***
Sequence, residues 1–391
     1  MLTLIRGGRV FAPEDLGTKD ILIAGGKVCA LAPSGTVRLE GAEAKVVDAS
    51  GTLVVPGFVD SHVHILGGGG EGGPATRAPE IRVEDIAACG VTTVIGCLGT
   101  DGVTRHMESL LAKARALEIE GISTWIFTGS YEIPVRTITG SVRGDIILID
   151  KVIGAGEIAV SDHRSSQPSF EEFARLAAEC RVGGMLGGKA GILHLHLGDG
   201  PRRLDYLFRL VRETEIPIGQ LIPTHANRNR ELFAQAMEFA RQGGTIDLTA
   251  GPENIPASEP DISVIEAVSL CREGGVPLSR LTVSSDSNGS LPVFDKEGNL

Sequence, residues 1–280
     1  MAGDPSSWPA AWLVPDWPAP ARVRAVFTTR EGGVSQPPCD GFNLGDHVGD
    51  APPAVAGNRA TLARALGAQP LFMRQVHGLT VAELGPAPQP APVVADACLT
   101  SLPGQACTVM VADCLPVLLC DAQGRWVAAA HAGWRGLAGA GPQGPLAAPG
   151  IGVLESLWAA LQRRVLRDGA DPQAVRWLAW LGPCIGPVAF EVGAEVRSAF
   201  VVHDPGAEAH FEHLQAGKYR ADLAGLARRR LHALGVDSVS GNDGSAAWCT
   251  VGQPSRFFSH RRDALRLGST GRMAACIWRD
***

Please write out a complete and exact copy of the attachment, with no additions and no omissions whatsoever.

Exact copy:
Sequence, residues 1–391
     1  MLTLIRGGRV FAPEDLGTKD ILIAGGKVCA LAPSGTVRLE GAEAKVVDAS
    51  GTLVVPGFVD SHVHILGGGG EGGPATRAPE IRVEDIAACG VTTVIGCLGT
   101  DGVTRHMESL LAKARALEIE GISTWIFTGS YEIPVRTITG SVRGDIILID
   151  KVIGAGEIAV SDHRSSQPSF EEFARLAAEC RVGGMLGGKA GILHLHLGDG
   201  PRRLDYLFRL VRETEIPIGQ LIPTHANRNR ELFAQAMEFA RQGGTIDLTA
   251  GPENIPASEP DISVIEAVSL CREGGVPLSR LTVSSDSNGS LPVFDKEGNL

Sequence, residues 1–280
     1  MAGDPSSWPA AWLVPDWPAP ARVRAVFTTR EGGVSQPPCD GFNLGDHVGD
    51  APPAVAGNRA TLARALGAQP LFMRQVHGLT VAELGPAPQP APVVADACLT
   101  SLPGQACTVM VADCLPVLLC DAQGRWVAAA HAGWRGLAGA GPQGPLAAPG
   151  IGVLESLWAA LQRRVLRDGA DPQAVRWLAW LGPCIGPVAF EVGAEVRSAF
   201  VVHDPGAEAH FEHLQAGKYR ADLAGLARRR LHALGVDSVS GNDGSAAWCT
   251  VGQPSRFFSH RRDALRLGST GRMAACIWRD